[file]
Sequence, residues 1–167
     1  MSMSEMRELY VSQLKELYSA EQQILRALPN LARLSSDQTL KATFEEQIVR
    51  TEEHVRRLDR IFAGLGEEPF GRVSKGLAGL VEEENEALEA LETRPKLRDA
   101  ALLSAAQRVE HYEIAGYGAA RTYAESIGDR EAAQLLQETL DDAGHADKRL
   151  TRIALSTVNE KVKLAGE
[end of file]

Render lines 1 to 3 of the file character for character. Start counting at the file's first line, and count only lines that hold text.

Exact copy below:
Sequence, residues 1–167
     1  MSMSEMRELY VSQLKELYSA EQQILRALPN LARLSSDQTL KATFEEQIVR
    51  TEEHVRRLDR IFAGLGEEPF GRVSKGLAGL VEEENEALEA LETRPKLRDA